In 2014, we found a morning glory plant growing on the edge of the snap bean beds. At first, we decided to keep the morning glory for their beautiful purple flowers. We wrapped their vines around our fence to make it look nice. The morning glory continued to grow until it was wrapped around the entire perimeter of the snap bean beds.
The morning glory grew faster than the snap beans. As it grew, it entangled itself within the snap bean stems. One day, we noticed tiny white dots on the morning glory. As we researched what type of damage this could be, black dots and yellowing started to appear on the snap beans. At first, we thought it was stippling, which is a type of ozone damage, but the dots were on the snap bean plants that were ozone tolerant as well as the ones that were sensitive. Being ozone tolerant means ozone should not have damaged these plants. As the damage continued, the dots began to cluster, appear on both sides of the leaf, and have little white dots in the center of the clusters. Stippling never clusters or appears on both sides of the leaf. An unknown type of insect began to appear in the snap bean beds. After doing some more research, we discovered that these bugs are called spider mites, and they were causing the damage on our snap beans. The white dots on the morning glory were eggs!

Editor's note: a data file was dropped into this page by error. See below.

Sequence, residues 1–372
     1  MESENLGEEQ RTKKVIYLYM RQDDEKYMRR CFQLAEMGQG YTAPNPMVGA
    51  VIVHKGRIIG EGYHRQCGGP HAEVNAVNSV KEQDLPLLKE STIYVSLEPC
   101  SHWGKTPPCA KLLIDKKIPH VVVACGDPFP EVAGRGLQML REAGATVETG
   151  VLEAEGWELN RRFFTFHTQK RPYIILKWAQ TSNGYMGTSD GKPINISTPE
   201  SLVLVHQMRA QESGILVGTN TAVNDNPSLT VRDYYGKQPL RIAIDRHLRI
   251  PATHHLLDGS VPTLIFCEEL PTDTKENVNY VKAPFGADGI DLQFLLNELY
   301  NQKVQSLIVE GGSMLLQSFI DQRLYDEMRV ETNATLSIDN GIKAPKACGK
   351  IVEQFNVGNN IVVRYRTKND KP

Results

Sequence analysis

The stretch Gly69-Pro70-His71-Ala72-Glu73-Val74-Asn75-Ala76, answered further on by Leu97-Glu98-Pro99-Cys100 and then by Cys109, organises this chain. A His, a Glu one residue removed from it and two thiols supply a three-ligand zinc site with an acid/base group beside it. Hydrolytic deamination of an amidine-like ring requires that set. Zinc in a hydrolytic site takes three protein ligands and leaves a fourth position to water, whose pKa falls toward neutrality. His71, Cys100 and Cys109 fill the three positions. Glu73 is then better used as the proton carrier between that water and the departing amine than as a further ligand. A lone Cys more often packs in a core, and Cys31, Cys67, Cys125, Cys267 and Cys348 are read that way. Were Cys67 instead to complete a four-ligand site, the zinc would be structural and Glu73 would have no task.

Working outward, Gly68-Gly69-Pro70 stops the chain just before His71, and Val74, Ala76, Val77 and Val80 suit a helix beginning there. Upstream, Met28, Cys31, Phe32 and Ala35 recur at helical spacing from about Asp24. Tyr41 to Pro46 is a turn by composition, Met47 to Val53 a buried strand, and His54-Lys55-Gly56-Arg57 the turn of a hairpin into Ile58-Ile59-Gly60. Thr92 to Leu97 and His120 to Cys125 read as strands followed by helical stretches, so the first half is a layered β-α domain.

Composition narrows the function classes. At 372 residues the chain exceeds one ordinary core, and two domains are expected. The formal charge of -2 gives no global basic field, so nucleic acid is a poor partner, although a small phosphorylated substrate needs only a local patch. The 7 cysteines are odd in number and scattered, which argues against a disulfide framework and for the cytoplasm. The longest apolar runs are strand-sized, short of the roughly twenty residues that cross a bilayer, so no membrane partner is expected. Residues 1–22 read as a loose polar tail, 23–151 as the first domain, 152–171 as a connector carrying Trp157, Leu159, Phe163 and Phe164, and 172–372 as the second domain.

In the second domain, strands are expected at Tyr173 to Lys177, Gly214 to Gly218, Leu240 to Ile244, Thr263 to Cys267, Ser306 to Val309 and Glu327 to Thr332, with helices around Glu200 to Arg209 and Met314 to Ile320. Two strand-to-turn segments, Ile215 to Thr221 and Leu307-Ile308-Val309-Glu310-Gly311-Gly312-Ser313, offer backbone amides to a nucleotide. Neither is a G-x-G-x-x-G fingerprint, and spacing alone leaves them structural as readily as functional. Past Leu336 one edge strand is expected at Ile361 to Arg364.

We found a type of potassium and water spray that chased away the spider mites, but by this point the damage had turned deadly for the snap beans. In August of 2014, we cut away and pulled out all of the morning glory and snap beans with gloved hands, carefully placing all pieces of the plants, infected or not, into trash bags before the eggs could hatch and infect the rest of the garden.
A lesson that can be learned from this unfortunate event is not to keep a weed growing in your garden, no matter how beautiful it is. If you want to keep a weed, transplant it into a container and keep it away from the garden.